Right… we are now getting closer to the optimum permalink structure. This permalink structure has no dates, categories or tags, just the human readable post name which is located close to the top level domain. It’s just about perfect, but a little more research reveals the reason why it isn’t.
    According to the Codex page on Permalinks, only postname may cause you problems “If you use postname as the only element in your permalinks to create a structure such as example.com/post-title, the rewrite rules may make it impossible to access pages such as your stylesheet (which has a similar format) or the /wp-admin/ folder. It’s best to include some numeric data (e.g. the post ID or date) in the permalink to prevent this from happening.
    Verdict: Passable, but this permalink structure may mask other similarly named files on your web server.

And the Definitive Answer is…

  • Custom structure (Post Name and Post ID) -

    http://www.domain.com/sample-post-123/

    This permalink structure is human readable, perfect for SEO, has the keywords close to the top level domain name and also contains a unique numeric identifier so it will not mask other files on your web server.
    Having the Post_ID in the URL is also handy when you are hacking away in the database or you need to find a post quickly on your site after viewing logs etc.
    Google News includes quite a few multi-author blogs in their index and one of their technical requirements says that all article URLs must contain a unique number. If in future, this blog grows and gets included into Google News, I won’t have to alter the permalink structure because there’s a unique number already in the URL – it’s called Post ID.
    The permalink setting to use is: /%postname%-%post_id%/
    Verdict: This is the one to use.

Does my Recommended Permalink Slow Down your Blog?

Previously (pre WordPress 3.0), my recommended permalink structure may have had slightly worse performance. But since WordPress 3.0, lots of changes have been made to the WordPress core, so this should no longer be an issue. But in any case you should do your own benchmark testing and make your own decision. You can always upgrade to a faster web server or use a CDN to boost your page load speeds. I run this permalink structure on WordPress sites with thousands of posts and have no issues. The SEO benefits far out-weight any slight loss in page load times.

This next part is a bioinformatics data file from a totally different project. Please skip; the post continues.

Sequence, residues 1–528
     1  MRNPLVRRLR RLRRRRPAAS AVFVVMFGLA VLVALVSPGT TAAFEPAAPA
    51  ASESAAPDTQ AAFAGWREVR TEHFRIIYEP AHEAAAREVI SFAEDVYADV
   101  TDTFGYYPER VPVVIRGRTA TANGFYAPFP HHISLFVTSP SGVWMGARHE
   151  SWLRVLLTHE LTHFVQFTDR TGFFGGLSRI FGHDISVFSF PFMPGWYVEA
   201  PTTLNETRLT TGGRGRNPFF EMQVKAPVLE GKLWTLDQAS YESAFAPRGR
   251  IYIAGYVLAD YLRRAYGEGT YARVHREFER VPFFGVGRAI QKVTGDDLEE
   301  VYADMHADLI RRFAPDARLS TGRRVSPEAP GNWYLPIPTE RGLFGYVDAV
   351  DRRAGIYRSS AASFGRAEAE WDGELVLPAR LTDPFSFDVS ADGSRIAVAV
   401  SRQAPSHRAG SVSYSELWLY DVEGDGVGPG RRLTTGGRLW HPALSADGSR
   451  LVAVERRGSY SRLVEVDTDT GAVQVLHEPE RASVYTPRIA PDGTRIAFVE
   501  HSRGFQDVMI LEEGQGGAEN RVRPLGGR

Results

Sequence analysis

How can you Change your Permalink Structure without Losing Page Rank?

You are probably in the situation that your blog has hundreds of articles that other sites have linked to. If you change your permalink settings, this will result in many 404 File not Found Errors and your site will definitely lose page rank.

I have been in this situation myself and there are a number of WordPress plugins that allow you to migrate from one permalink structure to another. Simple go to WordPress.org and search the plugin repository for “permalink”.

But there is one plugin that I have used in the past that is quite useful. As long as your original permalink structure had the post name somewhere in the URL, you can use the Smart 404 plugin.

The Smart 404 plugin stops your viewers from seeing site errors. When content cannot be found, Smart 404 will use the current URL to attempt to find matching content, and redirect to it automatically. Smart 404 also supplies template tags which provide a list of suggestions, for use on a 404.php template page if matching content can’t be immediately discovered.

I have successfully migrated sites from the “category-postname” and “postname” permalink structures to the permalink structure that I suggest without losing page rank or causing any other issues.

If you are setting up a new blog… then now is the time to get the permalink structure correct from day one.

One Last Note – Use Shortlinks for Internal Links

Now that you have setup your permalinks to use the structure I recommend, there is one last thing you need to be aware of. If you are linking to other pages in your blog, make sure to use the shortlink instead of the nice human readable URL.

You can determine the shortlink of any post by clicking the “Get Shortlink” button that appears when you are editting the post.

By using shortlinks, even if you do change your permalink structure at a later date, those internal links will still work ok.